Stuart Moore

Musings of a Data professional

Stuart Moore

Month: June 2018

Bulk changing SQL Server Agent job owners with dbatools and T-SQL

Now we all know that having SQL Server Agent jobs owned by ‘Real’ users isn’t a good idea. But I don’t keep that close an eye on some of our test instances, so wasn’t surprised when I spotted this showing up in the monitoring:

The job failed. Unable to determine if the owner (OldDeveloper) of job important_server_job has server access (reason: Could not obtain information about Windows NT group/user 'OldDeveloper', error code 0x534. [SQLSTATE 42000] (Error 15404)).

Wanting to fix this as quickly and simply as possible I just wanted to bulk move them to our job owning account (let’s use the imaginative name of ‘JobOwner’).

I have 2 ways of doing this quickly. First up is an old T-SQL script I wrote years back (yeah, this happens all the time)). In this case we’re looking for all the jobs owner by the user OldDeveloper and moving them to the JobAccount user. It uses a cursor, but they aren’t always the spawn of evil 🙂

DECLARE @job_id char(36)
DECLARE JobCursor CURSOR
FOR
SELECT job_id  FROM msdb..sysjobs sj 
    INNER JOIN sys.server_principals sp on sj.owner_sid=sp.sid
    WHERE sp.name = 'OldDeveloper'
OPEN JobCursor 
FETCH NEXT FROM JobCursor INTO @job_id
WHILE (@@FETCH_STATUS <> -1)
BEGIN
exec msdb..sp_update_job
    @job_name = @job_id,
    @owner_login_name = 'JobAccount'
FETCH NEXT FROM JobCursor INTO @job_id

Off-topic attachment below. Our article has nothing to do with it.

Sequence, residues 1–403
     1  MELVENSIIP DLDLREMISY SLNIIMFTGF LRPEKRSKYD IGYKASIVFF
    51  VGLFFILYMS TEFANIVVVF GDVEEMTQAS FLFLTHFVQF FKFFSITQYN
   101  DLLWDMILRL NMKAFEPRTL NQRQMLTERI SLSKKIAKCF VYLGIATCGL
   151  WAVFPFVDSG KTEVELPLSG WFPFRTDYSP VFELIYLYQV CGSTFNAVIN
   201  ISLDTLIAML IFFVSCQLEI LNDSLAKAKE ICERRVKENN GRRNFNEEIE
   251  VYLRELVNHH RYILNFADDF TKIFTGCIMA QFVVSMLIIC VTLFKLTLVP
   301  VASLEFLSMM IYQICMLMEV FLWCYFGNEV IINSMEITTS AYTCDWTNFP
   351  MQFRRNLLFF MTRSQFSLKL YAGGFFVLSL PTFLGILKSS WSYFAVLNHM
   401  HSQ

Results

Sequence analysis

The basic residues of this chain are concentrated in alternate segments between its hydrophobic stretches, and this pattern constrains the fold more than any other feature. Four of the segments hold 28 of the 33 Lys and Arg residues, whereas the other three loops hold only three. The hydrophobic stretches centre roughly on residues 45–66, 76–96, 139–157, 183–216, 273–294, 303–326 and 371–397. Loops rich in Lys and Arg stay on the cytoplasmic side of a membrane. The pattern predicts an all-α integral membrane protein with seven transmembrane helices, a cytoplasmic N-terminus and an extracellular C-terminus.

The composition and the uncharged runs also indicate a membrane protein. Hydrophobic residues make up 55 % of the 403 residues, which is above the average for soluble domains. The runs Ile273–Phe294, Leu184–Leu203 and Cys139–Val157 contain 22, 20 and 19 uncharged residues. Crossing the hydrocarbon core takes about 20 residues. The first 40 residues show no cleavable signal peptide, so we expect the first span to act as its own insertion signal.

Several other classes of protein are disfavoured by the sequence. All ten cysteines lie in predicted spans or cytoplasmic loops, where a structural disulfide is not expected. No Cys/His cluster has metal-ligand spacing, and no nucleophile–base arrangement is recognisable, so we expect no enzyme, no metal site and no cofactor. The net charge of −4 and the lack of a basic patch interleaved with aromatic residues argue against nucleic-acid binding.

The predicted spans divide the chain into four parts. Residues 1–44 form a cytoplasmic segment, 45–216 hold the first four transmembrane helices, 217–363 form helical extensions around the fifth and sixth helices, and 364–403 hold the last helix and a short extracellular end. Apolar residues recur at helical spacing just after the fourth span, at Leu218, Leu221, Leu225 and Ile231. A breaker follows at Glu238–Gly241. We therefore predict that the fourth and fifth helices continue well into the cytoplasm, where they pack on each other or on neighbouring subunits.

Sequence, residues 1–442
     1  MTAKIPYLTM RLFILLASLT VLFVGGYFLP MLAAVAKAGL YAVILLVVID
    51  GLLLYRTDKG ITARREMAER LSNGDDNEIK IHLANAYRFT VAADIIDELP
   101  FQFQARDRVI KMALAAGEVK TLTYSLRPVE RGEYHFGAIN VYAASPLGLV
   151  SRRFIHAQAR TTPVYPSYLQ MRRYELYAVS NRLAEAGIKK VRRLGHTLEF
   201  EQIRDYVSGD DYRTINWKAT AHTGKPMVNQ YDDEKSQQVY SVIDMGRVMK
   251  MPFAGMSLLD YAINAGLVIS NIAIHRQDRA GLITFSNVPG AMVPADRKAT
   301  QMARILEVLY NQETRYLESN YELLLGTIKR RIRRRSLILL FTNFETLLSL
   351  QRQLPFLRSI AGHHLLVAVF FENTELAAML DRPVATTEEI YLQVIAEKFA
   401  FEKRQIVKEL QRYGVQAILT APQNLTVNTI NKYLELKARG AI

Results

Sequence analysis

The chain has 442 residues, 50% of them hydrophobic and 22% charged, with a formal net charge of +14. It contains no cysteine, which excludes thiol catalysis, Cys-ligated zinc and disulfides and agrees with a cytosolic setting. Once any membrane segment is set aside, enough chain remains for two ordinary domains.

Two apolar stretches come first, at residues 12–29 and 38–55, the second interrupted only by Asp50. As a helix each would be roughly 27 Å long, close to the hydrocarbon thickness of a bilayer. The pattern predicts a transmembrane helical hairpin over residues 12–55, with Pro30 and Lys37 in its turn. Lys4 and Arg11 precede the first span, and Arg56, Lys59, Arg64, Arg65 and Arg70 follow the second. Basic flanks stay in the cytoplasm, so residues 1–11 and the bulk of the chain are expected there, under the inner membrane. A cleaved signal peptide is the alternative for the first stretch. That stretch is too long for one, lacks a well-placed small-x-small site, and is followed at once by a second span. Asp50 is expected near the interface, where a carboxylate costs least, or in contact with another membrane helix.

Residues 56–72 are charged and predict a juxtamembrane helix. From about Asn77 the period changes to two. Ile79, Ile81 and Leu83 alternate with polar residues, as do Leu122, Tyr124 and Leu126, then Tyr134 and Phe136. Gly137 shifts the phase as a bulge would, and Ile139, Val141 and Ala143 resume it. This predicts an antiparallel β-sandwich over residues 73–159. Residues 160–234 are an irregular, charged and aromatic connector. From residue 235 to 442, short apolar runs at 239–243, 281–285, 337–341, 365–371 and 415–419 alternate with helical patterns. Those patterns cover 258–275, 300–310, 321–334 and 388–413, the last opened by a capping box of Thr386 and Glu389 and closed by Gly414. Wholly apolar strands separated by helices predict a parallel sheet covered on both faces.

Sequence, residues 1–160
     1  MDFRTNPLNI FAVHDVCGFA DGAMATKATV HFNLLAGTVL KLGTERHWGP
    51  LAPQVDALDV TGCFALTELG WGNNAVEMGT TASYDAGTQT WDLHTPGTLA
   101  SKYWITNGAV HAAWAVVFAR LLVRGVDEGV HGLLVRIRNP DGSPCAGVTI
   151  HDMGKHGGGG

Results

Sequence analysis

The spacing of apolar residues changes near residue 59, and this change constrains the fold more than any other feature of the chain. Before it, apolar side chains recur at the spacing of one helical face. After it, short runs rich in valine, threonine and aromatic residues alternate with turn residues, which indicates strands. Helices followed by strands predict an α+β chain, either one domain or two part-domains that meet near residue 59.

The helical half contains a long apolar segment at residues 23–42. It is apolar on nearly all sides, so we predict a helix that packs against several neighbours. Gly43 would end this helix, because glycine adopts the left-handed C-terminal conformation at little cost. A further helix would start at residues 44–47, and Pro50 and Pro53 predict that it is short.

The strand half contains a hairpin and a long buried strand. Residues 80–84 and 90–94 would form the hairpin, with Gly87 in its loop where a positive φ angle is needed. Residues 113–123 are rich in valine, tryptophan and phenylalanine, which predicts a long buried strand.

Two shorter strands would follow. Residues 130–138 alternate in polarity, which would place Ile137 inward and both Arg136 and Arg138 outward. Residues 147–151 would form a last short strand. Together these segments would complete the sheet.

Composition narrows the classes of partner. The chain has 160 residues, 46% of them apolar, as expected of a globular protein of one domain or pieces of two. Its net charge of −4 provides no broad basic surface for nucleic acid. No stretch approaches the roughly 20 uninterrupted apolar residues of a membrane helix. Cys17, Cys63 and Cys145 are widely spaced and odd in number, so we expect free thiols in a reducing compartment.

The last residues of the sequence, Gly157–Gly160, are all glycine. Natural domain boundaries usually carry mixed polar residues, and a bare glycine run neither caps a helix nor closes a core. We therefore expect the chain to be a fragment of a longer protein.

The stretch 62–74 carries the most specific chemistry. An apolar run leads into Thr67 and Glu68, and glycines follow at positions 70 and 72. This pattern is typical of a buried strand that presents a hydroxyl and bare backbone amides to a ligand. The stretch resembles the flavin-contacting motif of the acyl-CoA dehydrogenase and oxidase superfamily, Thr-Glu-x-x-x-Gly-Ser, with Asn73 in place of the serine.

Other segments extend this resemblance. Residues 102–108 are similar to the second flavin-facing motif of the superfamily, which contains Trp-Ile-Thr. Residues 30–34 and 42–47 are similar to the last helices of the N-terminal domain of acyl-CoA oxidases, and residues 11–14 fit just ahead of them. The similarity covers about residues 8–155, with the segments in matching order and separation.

END 
CLOSE JobCursor 
DEALLOCATE JobCursor 

And then, of course, there’s a simpler dbatools method in PowerShell:

Get-DbaAgentJob -SqlInstance server\instance | Where-Object {$_.OwnerLoginName -eq 'OldDeveloper'} | Set-DbaAgentJob -OwnerLogin JobAccount

Use Get-DbaAgentJOb to get all the SQL Agent jobs from your instance, a quick pipe through Where-Object to filter down to just the ones with a ‘bad’ owner, and finally into Set-DbaAgentJob to set the new owner login.

You can use whichever you prefer as they’ll do the same job. I find the PowerShell/dbatools the easiest one as I can remember the syntax, the T-SQL one I have to remember where I left the original copy 😉

Can’t find a recently deployed SSIS package

Had a developer wander across confused about where the SSIS package he’d just redeployed had gone. No errors when he’d deployed the package to Integration Services, but when he looked at the properties of the package (or at least the one he thought he’d uploaded) it was showing a deployment date of 3 weeks ago.

A handy feature of having SSIS now using SSISDB to store it’s packages is that we can now query it to find out where it had gone with some simple T-SQL. In this case all I needed to do was to ask:

select 
	ip.name, 
	id.name as 'FolderName', 
	ip.deployed_by_name, 
	ip.last_deployed_time 
from 
	internal.projects ip inner join internal.folders id on ip.folder_id=id.folder_id
order by 
	ip.last_deployed_time desc

And I could see that the last time he’d deployed it, it had gone into Folder Y rather than Folder X. So after a quick clean up and redeploy everything was as he expected.

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